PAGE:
Four decades after polybrominated biphenyl (PBB), a dense, flame-retardant toxin, was accidentally dumped into a Michigan cattle feed supplement, Detroit Free Press reporter Robin Erb looks into the aftermath of what she calls “one of the most catastrophic agricultural disasters in U.S. history.”
Today, despite decades of cleanup efforts, the contamination lives on in the sites of mass burials of livestock who were exposed to the toxin and thus slaughtered and, as Erb writes in the second part of the series, in the massive superfund site that has grown up around the property of the company responsible for the fatal mixup in the first place. The exact scope of the disaster is unknown, even now, but PBB appears to have contaminated soil and water supplies, and poisoned animals across the state.
With the series, Erb first discusses the effects of PBB and related chemicals, then goes a step further and investigates exactly why clean-up efforts have failed. In a sidebar, she explains the complexity of reporting on the health effects of contamination, perhaps best expressed in this quote:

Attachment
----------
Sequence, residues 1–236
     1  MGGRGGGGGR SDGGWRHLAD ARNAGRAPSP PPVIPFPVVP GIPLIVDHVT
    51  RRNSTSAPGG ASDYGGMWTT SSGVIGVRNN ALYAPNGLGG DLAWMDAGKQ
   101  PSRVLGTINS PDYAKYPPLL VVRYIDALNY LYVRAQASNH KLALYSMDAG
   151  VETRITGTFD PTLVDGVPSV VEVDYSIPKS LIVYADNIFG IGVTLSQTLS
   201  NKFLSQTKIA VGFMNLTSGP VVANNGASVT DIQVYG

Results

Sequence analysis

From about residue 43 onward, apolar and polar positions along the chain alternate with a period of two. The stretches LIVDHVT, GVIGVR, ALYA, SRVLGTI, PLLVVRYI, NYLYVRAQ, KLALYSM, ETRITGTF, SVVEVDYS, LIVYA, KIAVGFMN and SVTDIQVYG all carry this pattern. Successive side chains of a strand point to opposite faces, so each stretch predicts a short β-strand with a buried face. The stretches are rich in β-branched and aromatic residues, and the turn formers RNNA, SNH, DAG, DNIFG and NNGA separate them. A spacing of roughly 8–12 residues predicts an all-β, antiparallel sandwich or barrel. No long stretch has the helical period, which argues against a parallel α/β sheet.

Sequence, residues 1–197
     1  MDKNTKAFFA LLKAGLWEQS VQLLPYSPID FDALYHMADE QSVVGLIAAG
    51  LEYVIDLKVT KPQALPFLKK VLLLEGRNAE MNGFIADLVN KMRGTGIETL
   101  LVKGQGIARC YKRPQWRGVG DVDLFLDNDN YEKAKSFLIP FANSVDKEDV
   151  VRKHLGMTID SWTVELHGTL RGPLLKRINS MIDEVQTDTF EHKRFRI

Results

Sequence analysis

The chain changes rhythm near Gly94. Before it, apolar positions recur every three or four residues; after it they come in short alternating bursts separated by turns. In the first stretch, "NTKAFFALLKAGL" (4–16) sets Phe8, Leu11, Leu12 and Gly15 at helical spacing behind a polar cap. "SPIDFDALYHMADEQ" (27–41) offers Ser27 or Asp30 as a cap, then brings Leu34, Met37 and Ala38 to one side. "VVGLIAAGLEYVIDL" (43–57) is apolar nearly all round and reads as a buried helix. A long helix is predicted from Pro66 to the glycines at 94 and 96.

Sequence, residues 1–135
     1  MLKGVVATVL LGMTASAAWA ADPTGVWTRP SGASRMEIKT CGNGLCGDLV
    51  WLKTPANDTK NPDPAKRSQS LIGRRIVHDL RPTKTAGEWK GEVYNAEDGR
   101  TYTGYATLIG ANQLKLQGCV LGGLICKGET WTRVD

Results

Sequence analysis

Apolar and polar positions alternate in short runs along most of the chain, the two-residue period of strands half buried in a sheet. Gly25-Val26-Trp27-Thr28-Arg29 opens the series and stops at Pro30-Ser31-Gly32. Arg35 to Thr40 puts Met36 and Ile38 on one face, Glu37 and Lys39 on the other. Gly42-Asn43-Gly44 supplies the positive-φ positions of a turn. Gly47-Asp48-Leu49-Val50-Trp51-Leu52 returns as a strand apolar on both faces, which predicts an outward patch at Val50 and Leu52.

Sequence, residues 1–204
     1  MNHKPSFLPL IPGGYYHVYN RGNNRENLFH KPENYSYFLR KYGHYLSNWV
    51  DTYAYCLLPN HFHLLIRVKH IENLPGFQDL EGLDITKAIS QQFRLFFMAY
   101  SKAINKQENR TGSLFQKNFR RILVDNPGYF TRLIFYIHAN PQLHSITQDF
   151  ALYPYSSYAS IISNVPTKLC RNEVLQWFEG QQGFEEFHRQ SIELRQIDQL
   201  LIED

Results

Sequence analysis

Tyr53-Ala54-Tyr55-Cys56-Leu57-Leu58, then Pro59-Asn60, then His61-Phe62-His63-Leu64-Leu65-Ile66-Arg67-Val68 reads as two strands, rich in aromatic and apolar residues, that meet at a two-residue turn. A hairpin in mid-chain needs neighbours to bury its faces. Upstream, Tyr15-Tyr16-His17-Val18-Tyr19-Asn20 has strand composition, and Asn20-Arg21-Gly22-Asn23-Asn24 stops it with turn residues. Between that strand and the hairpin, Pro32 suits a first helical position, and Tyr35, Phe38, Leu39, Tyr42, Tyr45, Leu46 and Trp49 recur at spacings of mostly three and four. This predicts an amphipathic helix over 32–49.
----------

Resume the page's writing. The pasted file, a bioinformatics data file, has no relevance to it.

“That’s environmental epidemiology for you. There are limitations in the science,” said Lorraine Cameron, an epidemiologist in charge of the Michigan Department of Public Health’s long-term health study of about 4,000 Michiganders who were acutely exposed to PBB.
Erb uses anecdotes and, where possible, statistics, and highlights past mistakes as well as current efforts. In the process, she also proves that, especially where environmental contamination and long-term health issues are concerned, it’s never too late for a follow-up story.